(This is the first in a series by our Japanese correspondent on men’s winter sports codes aiming for international status.)
By Neil Smith, our columnist in Japan
While the relative strength and performance of individual players is not the only way to assess how well the sports structure in a given country is functioning, it does offer a clear guideline.
We must first check the state of soccer and rugby and the level of Japan’s professional players on the world stage back when Japan launched its leagues for professional soccer and rugby.
J-League for soccer started in 1993 and Top-League rugby began in 2003, Corporate rugby was moving toward professionalism from the early-1990s and those teams are the core teams in the Top League.
Struggling to make an international impact
Back in those days, Japan was far from being a significant presence in world rugby or soccer. Although high school and university matches at the national championships were regularly sold out, with the university semis and finals filling the National Stadium (in excess of 60,000), matches between corporate teams struggled to get more than 5,000 spectators.
In the case of both soccer and rugby, many of the spectators at corporate matches were employees of the company that owned the teams, had received free tickets, and were offered a day off work in lieu.
Yasuhiko Okudera spent a decade in the German Bundesliga (1977 – 86), a regular first team starter for the three teams with whom he played, but he was really the only soccer player active in a major soccer country’s league.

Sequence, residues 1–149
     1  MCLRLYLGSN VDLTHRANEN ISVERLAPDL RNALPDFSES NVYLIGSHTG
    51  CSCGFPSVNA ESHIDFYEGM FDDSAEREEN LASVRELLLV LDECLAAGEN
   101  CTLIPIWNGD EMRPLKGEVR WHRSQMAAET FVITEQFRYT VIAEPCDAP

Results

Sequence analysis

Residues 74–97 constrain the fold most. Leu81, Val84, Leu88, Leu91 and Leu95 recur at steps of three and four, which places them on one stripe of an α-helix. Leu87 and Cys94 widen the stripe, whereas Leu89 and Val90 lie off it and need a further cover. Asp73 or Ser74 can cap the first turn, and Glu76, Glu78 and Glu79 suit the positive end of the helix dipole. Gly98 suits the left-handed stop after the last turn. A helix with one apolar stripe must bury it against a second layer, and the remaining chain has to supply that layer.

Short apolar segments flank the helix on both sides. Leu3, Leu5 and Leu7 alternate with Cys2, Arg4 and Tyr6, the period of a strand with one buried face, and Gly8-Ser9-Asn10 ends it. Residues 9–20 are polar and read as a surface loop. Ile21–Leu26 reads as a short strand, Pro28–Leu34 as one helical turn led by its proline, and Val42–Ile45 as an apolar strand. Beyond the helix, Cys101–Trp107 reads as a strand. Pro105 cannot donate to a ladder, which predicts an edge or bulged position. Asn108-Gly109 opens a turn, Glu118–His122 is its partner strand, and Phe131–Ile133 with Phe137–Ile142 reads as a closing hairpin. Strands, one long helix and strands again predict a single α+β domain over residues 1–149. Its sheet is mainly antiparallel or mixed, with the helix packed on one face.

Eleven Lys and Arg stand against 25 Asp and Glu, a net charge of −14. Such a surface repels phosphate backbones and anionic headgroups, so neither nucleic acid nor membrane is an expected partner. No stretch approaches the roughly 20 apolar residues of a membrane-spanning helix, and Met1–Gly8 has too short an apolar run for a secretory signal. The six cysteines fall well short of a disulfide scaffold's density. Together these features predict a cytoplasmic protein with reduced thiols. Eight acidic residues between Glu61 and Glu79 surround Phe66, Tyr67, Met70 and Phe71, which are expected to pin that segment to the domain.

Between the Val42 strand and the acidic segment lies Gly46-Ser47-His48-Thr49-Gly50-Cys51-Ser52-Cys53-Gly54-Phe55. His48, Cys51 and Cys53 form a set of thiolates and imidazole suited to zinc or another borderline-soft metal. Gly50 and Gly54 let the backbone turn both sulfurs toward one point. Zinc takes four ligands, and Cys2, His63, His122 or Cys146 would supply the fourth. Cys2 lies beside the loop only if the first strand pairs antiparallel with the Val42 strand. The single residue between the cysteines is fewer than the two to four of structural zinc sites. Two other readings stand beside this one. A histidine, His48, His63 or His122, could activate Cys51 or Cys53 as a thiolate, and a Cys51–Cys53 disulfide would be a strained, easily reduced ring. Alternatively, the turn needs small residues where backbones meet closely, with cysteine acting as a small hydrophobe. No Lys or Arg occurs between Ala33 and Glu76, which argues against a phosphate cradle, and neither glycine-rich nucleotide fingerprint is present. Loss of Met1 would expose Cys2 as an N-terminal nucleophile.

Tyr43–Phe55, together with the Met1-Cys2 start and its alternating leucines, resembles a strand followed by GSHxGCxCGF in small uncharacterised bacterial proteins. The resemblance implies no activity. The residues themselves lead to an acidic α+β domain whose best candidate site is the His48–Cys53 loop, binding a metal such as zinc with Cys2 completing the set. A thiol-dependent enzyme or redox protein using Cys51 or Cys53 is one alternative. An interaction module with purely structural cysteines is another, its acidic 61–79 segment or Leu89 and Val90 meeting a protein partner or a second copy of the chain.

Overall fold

In rugby, the only standout player was Yoshihiro (Demi) Sakata. He spent 1969 -1972 in New Zealand playing for Canterbury province as a regular starting player on the wing, scoring 30 tries in only 27 matches (I watched him play in many games at Lancaster Park).
It is clear that, prior to the 1990s, the Japanese sports development model was not producing world-class performers in the two major winter sports.
Enter the J-League and Top League competitions
These both share one clear aim: that of raising the standard of Japanese soccer players so the national team could compete on the international stage.
One common thread in the sports, and across all teams was the large number of foreign players, mainly stars who had effectively retired from top level international play (including Zico, Lineker, Stoijkovic, Littbarksi, and Schillaci in football and Joe Stanley, Ian Williams, and Norm Hadley in rugby.
Also players such as Graeme Bachop, Tony Brown, and John Kirwan played for corporate teams in the period leading up to the Top League.
The total number of foreign players was estimated to be about 100 in 1995. Their role was to improve the level of Japanese players through training and games, and thus to enhance their teams chances of winning the league.
Without doubt, the more professional approach to training and playing they introduced had a major influence on young Japanese players, so we must see this approach as being largely successful.
The issue is whether this is a temporary measure or a permanent state of affairs.
Flash forward to 2017
What’s the situation today regarding foreign players in Japan’s domestic leagues and Japanese players active overseas?
The fewer foreigners in the J-League now are far more likely to be young and upcoming players from Asian countries, than ageing stars from the leading soccer countries.
The situation is quite different in the Top League, where an increasing number of players from the leading rugby nations (mainly Southern Hemisphere) are playing here, many of these still in the early to middle of their careers.
Naturally these players command high salaries so the owners have a strong incentive to give these players more game time than young Japanese players in the squad.
The situation is very similar in the Sunwolves Super Rugby team, where 16 of the 49-man squad were not born in Japan.
( The next article will look at the national teams, and the growth in player numbers and spectators.)